FAQS—2nd - 3rd Year Transition from Syracuse to Binghamton
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Do the people in Syracuse have an advantage over me because this is such a smaller hospital setting outside of an academic institution?
Absolutely not! In fact it may actually be to your advantage to be a clinical campus student. Look at it this way. You went to high school with the purpose of getting into the college of your dreams and you went to the college of your dreams to get into the medical school of your dreams. Every step along the way was just a means to get to the next step. Now you are trying to use your medical school years to get into that residency program of your dreams and the clinical campus can provide you with some advantages on that front. The clinical campus really prepares you more to be an attending than it does to be a resident because of the amount of direct one on one contact you have with attending physicians. Sure, Syracuse may prepare you to function better in a residency program because you see how a bigger residency program functions from a standpoint of schedule and demands on the residents, but what it does not do is give you continued and prolonged access to attending physicians. At the clinical campus you will be first assist in many surgeries and you will be able to actually deliver babies! Not only do your Syracuse brethren miss out on many of these opportunities but they will also miss out on establishing personal relationships with attending physicians (the ones who will write your letters of recommendation for your residency application). Bringing back our idea of "means to get to the next step" the relationships that you make with attending physicians at the clinical campus will go a long way into getting you into that residency with such personal letters of recommendation.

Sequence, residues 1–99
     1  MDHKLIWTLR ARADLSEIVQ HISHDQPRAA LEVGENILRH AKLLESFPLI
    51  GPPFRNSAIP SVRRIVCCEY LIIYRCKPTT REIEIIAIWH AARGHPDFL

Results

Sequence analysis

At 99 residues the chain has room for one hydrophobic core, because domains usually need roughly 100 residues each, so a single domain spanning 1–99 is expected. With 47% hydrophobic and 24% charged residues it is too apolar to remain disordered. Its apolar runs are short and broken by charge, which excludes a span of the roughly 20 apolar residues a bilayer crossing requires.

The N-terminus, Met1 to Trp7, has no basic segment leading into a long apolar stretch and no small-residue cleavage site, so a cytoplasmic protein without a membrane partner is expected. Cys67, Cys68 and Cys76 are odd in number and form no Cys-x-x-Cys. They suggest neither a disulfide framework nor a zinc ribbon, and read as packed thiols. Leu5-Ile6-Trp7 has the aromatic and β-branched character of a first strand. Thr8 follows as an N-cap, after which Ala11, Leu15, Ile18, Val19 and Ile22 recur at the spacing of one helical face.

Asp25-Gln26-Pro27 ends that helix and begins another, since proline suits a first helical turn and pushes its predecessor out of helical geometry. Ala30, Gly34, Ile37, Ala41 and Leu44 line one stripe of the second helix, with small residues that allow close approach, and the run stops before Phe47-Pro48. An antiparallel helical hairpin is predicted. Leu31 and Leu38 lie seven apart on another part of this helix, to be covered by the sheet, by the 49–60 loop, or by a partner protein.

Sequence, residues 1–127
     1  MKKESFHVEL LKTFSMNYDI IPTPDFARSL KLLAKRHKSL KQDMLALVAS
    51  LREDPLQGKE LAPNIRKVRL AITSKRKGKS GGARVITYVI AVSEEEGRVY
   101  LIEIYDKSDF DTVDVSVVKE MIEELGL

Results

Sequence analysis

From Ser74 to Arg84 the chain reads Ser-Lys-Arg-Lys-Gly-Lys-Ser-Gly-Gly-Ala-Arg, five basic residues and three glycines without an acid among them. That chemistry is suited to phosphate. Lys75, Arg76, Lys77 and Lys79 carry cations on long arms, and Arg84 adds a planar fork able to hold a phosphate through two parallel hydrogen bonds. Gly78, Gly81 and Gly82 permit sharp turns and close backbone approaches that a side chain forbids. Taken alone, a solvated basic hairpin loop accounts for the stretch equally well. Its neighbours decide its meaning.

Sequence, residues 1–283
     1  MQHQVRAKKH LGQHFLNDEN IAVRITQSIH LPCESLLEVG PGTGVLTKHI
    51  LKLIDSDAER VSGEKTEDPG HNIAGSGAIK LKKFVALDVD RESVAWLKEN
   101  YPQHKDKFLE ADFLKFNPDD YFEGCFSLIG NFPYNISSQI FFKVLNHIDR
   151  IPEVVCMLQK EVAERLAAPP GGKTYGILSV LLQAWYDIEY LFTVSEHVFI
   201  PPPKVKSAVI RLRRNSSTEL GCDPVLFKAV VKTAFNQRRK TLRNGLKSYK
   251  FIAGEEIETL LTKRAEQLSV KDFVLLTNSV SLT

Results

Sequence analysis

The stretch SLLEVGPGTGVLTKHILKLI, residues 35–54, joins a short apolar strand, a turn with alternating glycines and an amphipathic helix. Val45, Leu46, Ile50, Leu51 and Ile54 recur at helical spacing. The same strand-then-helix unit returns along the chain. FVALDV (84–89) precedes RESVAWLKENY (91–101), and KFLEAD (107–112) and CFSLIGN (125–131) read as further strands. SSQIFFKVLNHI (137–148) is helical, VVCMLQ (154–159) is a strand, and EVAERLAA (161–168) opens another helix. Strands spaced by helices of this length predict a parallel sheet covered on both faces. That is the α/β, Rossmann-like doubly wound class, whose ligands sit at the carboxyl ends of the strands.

Beyond that "means to get to the next step" idea, the concept of continuity of care at the clinical campus is unparalleled because of the family medicine rotation. You will be placed with an attending physician for one half day of every week of your entire 3rd year in their office seeing their (and eventually your) patients. This could not be more perfect practice for the types of continuity clinics that you will have to work during residency. Again this is just another way of practicing for that next step in your medical education. Many program directors will be highly impressed with this unique yet innovative idea to prepare medical students for certain aspects of their residency.
The family medicine rotation also gives clinical campus students an advantage because it really does provide them with a break from the monotony of what some clerkships will become. Sure, there will be some clerkships that you absolutely love and hate to miss that half day a week for family medicine but there will be clerkships that you cannot stand. In Syracuse the only escape from those clerkships is the shelf exam and the next clerkship. In Binghamton you get to escape from that hated clerkship one half of one day of every week during the entire rotation.
Don't be concerned about pathology either. You will see what you need to see to do well on your shelf exams, to do well on the USMLE Step 2 exam, and to be prepared for your residency. People are sick no matter where you are training. Honestly you may see less volume of cases with "weird" diagnoses that may help during a residency but in Binghamton you are first line for those "weird" things. In Syracuse, as a tertiary referral center, they are often sent patients from outside institutions already with a diagnosis for the sole purpose of treatment. In Binghamton you are sifting through all of the data and making that diagnosis before sending the patient to the tertiary care center.
Is there a physical campus building?
Currently the clinical campus headquarters are located at 420 Robinson St. in Binghamton, NY as part of the Greater Binghamton Health Center in the Garvin Building. Parking is provided conveniently at this location for students. Directly across the street is a "castle" that is currently unoccupied. This is the future home of the clinical campus as they have just secured 12.5 million dollars to begin renovations. "The Castle" is a certified historical landmark that the Greater Binghamton Community is extremely proud of because of its unique architecture.
Where will I complete my rotations?